This book is essentially a directory of coffee shops from around the world from Austin, USA to Zagreb, Croatia. The authors have consulted coffee specialists from around the world (the list is included in the book) to put together a comprehensive atlas of places to drink coffee. Creating this kind of directory is challenging, as the authors note in the beginning section to the book, as there is quite a lot of churn in the industry, with some places closing and so didn’t make the final version of the book, and naturally places opening since. Nevertheless, if you are looking for coffee options in a place you’re less familiar with around the world, this book has plenty of suggestions.

Each location has a page with quotes from the coffee experts about that particular coffee scene and an outline map of how the different coffee shops are scattered across the city. Then each city has a list of places, understandably given my location, Kaffeine had the bookmark positioned to where they were featured, alongside Prufrock and Workshop among several other well-known London coffee shops. Each entry has the address,  quotes from the coffee experts, opening hours, payment methods accepted and coffee shop style i.e. can you get food as well as coffee. As you can see from the first photo in this blog post, you can indeed get food at Kaffeine, in this case an excellent raspberry and coconut muffin.

If you’re looking for a global guide of where is good to start exploring coffee then this volume is a good introductory guide in the sense that it includes a good range of coffee shops globally, most of them well known in the specialty coffee industry. However, as was noted by the authors, over time coffee shops come and go, and so this volume while useful as a guide book now, may become more a snapshot of global coffee shops rather than a definitive guide in the future. I have seen reviews of this book which appear disappointed at the lack of photographs, and that in the Instagram era we now live in it would have been nice to have a photography focused guide to coffee shops rather than a directory style. I tend to agree, in that it’s difficult to get a feel for a coffee shop from an address and few details. However, this was not was this book was intended to – there’s plenty of scope for more photography focused coffee shop books in the future.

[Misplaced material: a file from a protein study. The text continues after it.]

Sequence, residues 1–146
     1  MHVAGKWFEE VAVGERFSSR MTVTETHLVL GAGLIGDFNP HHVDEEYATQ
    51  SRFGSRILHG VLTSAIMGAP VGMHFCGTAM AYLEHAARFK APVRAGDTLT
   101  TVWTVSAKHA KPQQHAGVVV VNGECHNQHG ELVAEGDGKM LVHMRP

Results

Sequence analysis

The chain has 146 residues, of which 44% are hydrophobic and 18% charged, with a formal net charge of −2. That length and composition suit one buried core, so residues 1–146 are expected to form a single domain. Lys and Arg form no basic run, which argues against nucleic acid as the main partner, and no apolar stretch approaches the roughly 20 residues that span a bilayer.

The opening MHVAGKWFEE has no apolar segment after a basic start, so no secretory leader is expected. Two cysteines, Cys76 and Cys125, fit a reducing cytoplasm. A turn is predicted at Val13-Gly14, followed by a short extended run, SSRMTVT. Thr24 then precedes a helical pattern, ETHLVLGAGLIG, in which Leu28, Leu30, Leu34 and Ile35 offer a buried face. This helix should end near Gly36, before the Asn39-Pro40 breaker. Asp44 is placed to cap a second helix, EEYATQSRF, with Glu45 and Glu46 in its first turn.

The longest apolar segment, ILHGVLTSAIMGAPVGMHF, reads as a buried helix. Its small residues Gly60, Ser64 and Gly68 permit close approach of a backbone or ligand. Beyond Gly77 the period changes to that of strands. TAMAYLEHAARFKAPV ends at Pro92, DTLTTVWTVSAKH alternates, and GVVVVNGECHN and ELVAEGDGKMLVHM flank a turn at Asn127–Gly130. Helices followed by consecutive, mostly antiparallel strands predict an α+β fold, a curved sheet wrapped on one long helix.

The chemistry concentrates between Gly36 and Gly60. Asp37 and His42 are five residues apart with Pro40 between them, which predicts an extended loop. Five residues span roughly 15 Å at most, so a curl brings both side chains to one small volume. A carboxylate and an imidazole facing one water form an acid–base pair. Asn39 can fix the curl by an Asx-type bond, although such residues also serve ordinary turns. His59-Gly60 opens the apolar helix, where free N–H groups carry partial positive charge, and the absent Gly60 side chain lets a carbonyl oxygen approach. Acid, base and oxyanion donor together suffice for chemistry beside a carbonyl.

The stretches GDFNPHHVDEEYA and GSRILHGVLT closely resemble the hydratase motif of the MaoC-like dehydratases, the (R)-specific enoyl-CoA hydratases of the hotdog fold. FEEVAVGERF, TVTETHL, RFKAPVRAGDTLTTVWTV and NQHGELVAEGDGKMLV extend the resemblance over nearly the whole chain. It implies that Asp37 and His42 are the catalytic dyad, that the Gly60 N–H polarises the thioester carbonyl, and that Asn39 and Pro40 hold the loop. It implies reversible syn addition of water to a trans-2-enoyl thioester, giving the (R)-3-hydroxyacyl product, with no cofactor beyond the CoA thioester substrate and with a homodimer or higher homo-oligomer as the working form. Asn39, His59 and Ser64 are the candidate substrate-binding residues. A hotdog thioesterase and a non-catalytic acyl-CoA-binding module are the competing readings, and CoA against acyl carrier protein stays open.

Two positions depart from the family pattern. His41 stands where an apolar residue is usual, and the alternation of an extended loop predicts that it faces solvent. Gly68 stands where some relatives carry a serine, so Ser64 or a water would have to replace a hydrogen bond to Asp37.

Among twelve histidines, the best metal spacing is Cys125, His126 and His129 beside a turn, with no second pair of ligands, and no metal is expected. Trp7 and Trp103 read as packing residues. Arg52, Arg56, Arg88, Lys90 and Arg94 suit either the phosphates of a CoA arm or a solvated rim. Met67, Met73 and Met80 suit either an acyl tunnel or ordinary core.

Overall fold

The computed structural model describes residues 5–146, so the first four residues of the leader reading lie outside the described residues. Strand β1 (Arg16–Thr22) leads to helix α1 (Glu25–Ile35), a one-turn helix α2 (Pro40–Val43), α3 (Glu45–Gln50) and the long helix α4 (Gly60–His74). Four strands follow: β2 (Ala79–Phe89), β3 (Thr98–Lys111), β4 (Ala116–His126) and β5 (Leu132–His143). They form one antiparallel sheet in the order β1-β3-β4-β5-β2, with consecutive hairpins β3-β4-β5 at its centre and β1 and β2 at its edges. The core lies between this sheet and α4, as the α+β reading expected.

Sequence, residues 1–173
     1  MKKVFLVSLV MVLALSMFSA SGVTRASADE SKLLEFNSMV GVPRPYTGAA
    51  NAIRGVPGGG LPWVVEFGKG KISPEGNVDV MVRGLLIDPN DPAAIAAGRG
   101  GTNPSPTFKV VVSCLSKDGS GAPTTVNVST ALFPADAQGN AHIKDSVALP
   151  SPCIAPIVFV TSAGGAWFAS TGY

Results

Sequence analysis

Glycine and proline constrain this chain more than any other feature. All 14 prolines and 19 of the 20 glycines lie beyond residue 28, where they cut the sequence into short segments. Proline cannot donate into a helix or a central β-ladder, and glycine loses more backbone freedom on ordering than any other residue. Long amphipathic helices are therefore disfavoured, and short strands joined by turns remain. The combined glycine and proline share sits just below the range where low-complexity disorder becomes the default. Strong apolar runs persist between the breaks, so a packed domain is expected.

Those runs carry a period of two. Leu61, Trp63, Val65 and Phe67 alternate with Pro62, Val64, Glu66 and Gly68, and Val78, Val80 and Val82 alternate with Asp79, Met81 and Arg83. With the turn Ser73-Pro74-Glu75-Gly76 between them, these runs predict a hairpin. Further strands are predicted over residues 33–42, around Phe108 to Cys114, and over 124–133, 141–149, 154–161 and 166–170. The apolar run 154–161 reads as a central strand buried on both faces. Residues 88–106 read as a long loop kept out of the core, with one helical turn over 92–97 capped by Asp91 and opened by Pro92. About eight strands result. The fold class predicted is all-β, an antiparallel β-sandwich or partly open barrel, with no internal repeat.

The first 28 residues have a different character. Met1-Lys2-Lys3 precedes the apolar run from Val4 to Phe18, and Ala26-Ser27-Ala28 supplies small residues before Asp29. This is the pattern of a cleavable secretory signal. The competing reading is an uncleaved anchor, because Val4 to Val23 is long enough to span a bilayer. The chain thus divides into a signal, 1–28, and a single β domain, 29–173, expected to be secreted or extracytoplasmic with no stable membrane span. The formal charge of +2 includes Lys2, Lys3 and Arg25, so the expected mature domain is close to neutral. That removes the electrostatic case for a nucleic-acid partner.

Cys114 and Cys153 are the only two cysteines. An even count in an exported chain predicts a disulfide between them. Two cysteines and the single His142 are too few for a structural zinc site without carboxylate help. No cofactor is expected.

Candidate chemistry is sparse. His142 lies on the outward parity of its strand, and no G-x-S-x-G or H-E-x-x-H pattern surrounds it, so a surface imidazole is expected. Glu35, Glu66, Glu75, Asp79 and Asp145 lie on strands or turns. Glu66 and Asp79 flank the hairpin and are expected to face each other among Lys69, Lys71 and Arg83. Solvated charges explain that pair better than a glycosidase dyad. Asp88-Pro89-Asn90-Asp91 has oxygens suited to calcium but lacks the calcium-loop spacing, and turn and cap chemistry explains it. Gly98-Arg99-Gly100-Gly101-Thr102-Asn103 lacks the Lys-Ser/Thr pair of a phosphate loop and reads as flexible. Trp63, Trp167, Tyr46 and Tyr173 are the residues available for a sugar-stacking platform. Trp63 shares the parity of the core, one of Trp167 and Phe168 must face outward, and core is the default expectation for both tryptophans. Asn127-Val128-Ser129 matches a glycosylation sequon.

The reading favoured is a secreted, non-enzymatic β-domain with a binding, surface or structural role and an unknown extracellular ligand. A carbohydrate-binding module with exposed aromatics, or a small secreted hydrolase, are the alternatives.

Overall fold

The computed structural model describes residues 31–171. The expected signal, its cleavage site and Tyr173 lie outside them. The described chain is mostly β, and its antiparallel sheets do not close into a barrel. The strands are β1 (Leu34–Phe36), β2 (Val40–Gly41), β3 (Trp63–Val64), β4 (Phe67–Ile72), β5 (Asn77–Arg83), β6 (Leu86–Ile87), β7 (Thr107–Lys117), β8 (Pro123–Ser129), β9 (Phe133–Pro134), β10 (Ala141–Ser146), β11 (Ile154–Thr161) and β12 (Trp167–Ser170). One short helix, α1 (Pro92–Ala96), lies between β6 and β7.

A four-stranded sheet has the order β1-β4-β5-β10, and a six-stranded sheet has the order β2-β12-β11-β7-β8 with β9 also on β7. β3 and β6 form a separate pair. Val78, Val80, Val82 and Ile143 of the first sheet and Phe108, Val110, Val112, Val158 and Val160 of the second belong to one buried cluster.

Because of the style of this book, it isn’t one to pick up an read cover to cover like a lot of other non-fiction, but it is more one you might want to have on hand to refer to when considering coffee options in particular cities. From my perspective as a researcher of coffee, it’s a great resource to see what coffee shops the coffee experts think represent where you should drink coffee around the world, and that snapshot of the coffee shop industry is fascinating in itself.

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On the need to continue discussions of waste: Government responds to ‘latte levy’ proposal

In January the Environmental Audit Committee published a report as a result of an inquiry into disposable coffee cup waste. The report made a number of suggestions to address the issue of growing disposable coffee cup waste in the UK. Among these suggestions was a proposed 25p charge on disposable coffee cups which became nicknamed the ‘latte levy’. The suggestion was met with mixed response, with many concerned that this could harm independent businesses, particularly those who rely on a large takeaway customer base. The responses by United Baristas and James Hoffman in particular are worth a read to help understand some of the concerns from the specialty industry. In response to the report many coffee companies sought to highlight that they offered a discount for people using reusable coffee cups (as much as 50p in Pret, but usually around 25p in many other stores). Starbucks, in partnership with Hubbub, introduced a trial 5p cup charge for some of its London stores, in an effort to try and understand how people can be encouraged to use reusable cups. As I have highlighted in previous posts, the switch to reusable coffee cups for many consumers feels more problematic than the switch to reusable carrier bags (due to issues of the size of the cup, carrying a dirty cup around, having to wash it etc).